Tuesday, November 08, 2011

Summary 2011 WY 152

Summary of Decision November 8, 2011

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Summaries are prepared by Law Librarians and are not official statements of the Wyoming Supreme Court

Case Name: Eckdahl v. State

Citation: 2011 WY 152

Docket Number: S-11-0042

URL: http://wyomcases.courts.state.wy.us/applications/oscn/DeliverDocument.asp?CiteID=464771

Appeal from the District Court of Sublette County, Honorable Marvin L. Tyler, Judge

Representing Appellant (Defendant): John Kevin Eckdahl, pro se.

Representing Appellee (Plaintiff): Gregory A. Phillips, Attorney General; Terry L. Armitage, Deputy Attorney General; D. Michael Pauling, Senior Assistant Attorney General; Leda M. Pojman, Senior Assistant Attorney General.

Date of Decision: November 8, 2011

Facts: Appellant was sentenced of two (2) to four (4) years following his conviction for possession of a controlled substance with intent to deliver. As part of the plea agreement, the State agreed that the sentence should not exceed the sentence he received in a contemporaneous federal case and that should the Appellant become eligible for a sentence reduction in the federal case, the State would not object to Appellant bringing a motion for sentence reduction in this case to reduce the sentence such that Appellant would again serve concurrent time in the federal case. Appellant’s federal sentence was reduced from seventy (70) to sixty (60) months. He filed a motion to modify his sentence. The district court denied the motion as untimely pursuant to W.R.Cr.P. 35(b), which allows a motion for sentence modification “within one year after the sentence is imposed.” Appellant did not appeal the district court’s denial of his motion, but instead filed a petition for reconsideration, followed by another motion to reduce his sentence. The district court entered an order denying both the petition for reconsideration and the pending motion for sentence reduction. Appellant, appearing pro se, challenges the district court’s order.

Issues: Whether the State breached the plea agreement with Appellant, entitling him to withdraw his guilty plea. Whether defense counsel breached his obligations to Appellant. Whether Appellant’s due process rights violated. Whether a failure to appoint appeal counsel for Appellant denied him meaningful access to the law and to the courts.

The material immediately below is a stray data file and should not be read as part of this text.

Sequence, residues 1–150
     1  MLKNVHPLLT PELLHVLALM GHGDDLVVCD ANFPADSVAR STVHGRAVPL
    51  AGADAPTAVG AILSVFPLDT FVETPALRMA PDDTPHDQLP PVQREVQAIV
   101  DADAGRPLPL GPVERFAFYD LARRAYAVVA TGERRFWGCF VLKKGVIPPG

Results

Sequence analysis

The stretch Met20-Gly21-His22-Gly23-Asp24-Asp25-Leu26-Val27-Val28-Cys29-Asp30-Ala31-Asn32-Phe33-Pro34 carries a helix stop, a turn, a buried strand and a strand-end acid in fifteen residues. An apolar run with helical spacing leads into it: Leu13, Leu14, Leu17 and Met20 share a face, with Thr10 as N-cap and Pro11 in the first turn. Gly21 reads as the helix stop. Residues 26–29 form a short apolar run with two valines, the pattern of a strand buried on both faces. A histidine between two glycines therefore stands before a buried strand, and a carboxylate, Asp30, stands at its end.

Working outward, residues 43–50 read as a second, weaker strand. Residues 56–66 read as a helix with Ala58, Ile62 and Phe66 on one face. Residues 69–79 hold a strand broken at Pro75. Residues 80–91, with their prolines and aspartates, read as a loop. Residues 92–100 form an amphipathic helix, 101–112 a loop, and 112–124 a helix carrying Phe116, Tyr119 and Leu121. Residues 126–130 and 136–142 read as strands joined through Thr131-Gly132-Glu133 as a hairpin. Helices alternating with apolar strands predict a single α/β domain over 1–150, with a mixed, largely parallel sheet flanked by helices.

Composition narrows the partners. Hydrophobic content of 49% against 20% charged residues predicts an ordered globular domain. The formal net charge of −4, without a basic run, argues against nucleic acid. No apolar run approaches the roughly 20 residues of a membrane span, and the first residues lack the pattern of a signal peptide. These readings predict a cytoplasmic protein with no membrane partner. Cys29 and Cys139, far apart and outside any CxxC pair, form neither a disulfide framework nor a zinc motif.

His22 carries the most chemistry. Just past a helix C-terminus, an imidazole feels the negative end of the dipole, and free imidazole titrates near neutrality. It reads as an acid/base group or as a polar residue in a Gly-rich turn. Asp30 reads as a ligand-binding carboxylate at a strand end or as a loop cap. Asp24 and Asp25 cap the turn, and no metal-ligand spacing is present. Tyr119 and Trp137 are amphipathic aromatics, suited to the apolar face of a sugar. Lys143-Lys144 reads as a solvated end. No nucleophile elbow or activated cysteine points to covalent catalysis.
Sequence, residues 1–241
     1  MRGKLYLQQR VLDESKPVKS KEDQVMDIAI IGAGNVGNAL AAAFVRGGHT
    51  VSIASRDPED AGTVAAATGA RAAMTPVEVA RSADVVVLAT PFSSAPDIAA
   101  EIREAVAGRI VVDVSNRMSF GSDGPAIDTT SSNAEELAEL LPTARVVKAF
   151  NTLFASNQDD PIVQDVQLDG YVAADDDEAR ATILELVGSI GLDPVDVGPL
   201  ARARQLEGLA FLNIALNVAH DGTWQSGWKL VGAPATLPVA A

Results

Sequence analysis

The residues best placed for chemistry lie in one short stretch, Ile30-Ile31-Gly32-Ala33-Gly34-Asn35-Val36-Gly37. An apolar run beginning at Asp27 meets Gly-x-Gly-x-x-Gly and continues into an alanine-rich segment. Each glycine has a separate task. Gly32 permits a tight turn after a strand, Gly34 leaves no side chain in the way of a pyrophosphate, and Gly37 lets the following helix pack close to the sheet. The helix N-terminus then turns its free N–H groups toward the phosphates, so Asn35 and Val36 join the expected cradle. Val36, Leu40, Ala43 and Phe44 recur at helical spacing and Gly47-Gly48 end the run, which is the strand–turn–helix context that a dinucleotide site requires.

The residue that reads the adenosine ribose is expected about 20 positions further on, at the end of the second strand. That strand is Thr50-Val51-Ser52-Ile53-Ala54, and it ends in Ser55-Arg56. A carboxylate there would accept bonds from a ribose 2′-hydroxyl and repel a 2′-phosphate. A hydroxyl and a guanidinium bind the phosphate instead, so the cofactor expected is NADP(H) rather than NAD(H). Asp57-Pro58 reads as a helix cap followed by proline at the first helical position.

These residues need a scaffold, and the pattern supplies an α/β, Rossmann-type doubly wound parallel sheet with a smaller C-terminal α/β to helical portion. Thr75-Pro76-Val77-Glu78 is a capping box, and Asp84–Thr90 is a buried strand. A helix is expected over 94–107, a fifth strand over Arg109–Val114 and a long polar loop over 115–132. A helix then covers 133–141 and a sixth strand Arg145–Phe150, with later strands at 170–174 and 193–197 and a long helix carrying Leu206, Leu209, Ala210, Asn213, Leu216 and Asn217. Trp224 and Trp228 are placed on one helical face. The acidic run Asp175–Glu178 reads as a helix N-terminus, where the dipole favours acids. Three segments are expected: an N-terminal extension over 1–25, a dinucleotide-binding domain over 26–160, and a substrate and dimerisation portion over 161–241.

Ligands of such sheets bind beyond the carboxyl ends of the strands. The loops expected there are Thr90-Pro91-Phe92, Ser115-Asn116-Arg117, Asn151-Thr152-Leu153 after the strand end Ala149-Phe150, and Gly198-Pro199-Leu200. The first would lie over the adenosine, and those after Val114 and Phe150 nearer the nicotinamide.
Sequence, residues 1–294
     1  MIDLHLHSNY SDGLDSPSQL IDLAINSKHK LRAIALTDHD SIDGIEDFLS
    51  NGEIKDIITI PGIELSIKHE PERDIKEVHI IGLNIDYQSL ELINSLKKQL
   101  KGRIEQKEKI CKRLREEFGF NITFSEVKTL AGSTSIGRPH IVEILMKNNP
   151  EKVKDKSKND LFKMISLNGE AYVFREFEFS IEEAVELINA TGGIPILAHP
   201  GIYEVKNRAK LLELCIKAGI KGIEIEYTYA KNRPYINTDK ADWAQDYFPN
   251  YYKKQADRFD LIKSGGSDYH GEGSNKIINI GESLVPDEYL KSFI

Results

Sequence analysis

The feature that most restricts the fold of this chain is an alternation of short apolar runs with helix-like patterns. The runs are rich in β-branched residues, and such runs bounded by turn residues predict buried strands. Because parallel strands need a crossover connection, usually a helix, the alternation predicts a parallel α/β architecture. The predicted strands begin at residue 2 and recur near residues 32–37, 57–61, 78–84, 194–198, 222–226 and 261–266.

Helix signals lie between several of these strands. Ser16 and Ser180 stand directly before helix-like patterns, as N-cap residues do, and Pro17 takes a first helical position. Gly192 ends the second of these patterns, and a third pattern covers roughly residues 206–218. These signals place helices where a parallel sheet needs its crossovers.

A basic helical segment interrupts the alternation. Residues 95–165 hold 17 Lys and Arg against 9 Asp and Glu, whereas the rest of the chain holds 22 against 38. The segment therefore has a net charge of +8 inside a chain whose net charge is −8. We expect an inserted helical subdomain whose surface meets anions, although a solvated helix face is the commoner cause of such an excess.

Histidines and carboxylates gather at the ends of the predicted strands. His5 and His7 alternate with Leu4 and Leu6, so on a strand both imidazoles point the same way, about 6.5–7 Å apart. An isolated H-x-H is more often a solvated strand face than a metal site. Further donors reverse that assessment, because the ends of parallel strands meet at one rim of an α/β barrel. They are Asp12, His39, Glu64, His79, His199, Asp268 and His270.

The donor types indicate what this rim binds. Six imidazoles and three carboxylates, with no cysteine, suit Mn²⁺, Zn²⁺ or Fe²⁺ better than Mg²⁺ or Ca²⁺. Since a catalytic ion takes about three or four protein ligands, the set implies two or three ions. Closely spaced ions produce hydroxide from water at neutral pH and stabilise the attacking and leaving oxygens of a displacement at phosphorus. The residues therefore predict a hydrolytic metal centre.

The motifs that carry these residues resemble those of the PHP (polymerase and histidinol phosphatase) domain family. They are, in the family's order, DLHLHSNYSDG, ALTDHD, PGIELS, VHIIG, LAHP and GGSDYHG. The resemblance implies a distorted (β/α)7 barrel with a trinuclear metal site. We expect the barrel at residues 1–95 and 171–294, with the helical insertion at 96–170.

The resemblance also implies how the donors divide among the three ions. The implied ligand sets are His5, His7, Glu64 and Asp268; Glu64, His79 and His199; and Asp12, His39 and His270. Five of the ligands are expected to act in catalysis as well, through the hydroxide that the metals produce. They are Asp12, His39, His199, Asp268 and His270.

Holdings: Appellant’s federal sentence was reduced from seventy months to sixty months. It was never reduced below the two to four year state sentence. Thus, under the terms of his plea agreement and sentence, Appellant was not entitled to seek a reduction of his state sentence. The State did not breach the plea agreement by opposing the motion for sentence reduction. Further, because he was not entitled to seek a sentence reduction, there is no merit to Appellant’s complaints against his defense counsel, or to his claim of due process violations.

As his final issue, Appellant argues that he was denied meaningful access to the law and to the courts by this Court’s denial of his motion for appointment of appellate counsel. There is, however, no requirement that a defendant be appointed counsel for motions seeking post-conviction relief. The Sixth Amendment right to counsel accrues at the time adversary judicial proceedings are initiated against the defendant. Counsel is required not just at trial, but at ‘critical stages’ both before and after trial in which the substantial rights of the accused may be affected. Additionally, under Wyo. Stat. 7-6-104(c)(vi) (2003), a needy person who is entitled to be represented is to be represented by counsel at every stage of the proceedings, from the time of the initial appointment by the court until the entry of final judgment, at which time the representation shall end, unless the court appoints counsel for purposes of appeal, correction or modification of sentence. As can be seen by § 7-6-104, there is no statutory requirement for appointment of counsel at every post-trial motion. Likewise, the United States Constitution does not require counsel for indigent defendants seeking post-conviction relief.

Appellant’s motions for sentence reduction were untimely. On that basis, the district court correctly ruled that it lacked subject matter jurisdiction to consider the motions. Further, the district court correctly ruled that petitions for reconsideration are not authorized under Wyoming law, so that it also lacked subject matter jurisdiction to consider Appellant’s petition for reconsideration. Because the district court had no jurisdiction, this court is without jurisdiction to consider the appeal. Appellant’s appeal is therefore dismissed.

J. Burke delivered the opinion for the court.

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